New Delhi: The Supreme Court on Friday issued notice on a plea by a senior district judge in Madhya Pradesh, who is scheduled to retire at the year-end, for quashing of sexual harassment charges levelled against him by a woman judicial officer in 2018. The apex court has also stayed disciplinary proceedings against the district judge.
A bench comprising Chief Justice S. A. Bobde and Justices A. S. Bopanna and V. Ramasubramanian issued notice to the Madhya Pradesh High Court on the plea.
Citing this case where the judge is close to elevation and then something happens, the bench said it is a regular phenomenon in the system, all kinds of things start happening. The counsel representing the petitioner submitted before the bench that his client has an unblemished 32 years of service, and the judge was about to be considered for elevation to the High Court. He contended that all of a sudden, a 2018 complaint surfaces and an inquiry is initiated.
The district judge moved the apex court seeking a stay on the August 14 order of the Madhya Pradesh High Court, which dismissed his plea at hearing itself holding that there was no illegality in facts or in law in the April 30 final report submitted by the Gender Sensitisation Internal Complaint Committee (GSICC). The GSICC report favoured further disciplinary action against the judge. This was challenged in the apex court. In June, the top court had asked the judge to move the High Court, which dismissed his plea.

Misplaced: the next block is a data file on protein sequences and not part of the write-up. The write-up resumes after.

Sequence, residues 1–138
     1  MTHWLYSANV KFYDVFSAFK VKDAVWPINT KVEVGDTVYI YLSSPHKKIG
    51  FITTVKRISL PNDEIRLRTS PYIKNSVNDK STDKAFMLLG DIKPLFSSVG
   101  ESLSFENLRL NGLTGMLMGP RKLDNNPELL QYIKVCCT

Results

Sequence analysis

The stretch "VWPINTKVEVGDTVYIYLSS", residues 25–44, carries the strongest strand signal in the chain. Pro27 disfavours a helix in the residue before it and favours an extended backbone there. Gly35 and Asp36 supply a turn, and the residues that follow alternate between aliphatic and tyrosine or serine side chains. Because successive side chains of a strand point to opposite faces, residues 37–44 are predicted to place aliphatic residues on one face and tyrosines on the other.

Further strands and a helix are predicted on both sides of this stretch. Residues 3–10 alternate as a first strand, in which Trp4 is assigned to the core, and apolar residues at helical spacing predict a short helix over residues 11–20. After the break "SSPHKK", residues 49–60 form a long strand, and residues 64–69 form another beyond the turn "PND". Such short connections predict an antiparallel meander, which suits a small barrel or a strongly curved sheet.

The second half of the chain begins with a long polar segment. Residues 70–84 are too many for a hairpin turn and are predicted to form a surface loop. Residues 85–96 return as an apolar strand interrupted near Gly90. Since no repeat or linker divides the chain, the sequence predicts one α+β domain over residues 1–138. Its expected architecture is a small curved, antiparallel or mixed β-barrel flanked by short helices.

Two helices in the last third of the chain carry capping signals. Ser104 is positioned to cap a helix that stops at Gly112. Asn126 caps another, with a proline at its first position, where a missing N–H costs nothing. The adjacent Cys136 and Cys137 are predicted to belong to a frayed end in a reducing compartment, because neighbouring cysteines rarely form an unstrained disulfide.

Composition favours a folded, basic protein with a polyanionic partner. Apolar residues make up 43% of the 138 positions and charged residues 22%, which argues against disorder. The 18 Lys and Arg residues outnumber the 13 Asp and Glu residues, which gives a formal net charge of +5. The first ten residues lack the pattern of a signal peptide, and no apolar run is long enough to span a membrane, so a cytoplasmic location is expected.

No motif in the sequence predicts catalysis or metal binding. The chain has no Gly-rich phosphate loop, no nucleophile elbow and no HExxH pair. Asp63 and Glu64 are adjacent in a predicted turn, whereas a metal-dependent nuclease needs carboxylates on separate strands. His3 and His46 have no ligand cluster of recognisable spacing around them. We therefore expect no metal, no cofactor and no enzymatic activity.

The petitioner argued that the principle of natural justice has been violated while handling the complaint against him. “It is submitted that Section 11 of the Act read with Rule 7 (4) of the Sexual Harassment of Women at Workplace (Prevention, Prohibition and Redressal) Rules, 2013 and Regulation 10 of 2015 Regulations mandates that the principles of natural justice ought to be followed into the inquiry of the complaint by the Internal Committee”, said the plea.
The plea contended that the GSICC began the inquiry under section 11 of the Act, which in law is forbidden to do so, by keeping the conciliation application pending for a long period of five months. The plea submitted that there is no power vested with the GSICC to conduct the inquiry in the present case once a conciliation application is submitted by the complainant and the GSICC has recorded a categorical finding that the allegations are not proved and that it would be just and proper to close the enquiry. In March 2018, a complaint of sexual harassment was made against the petitioner.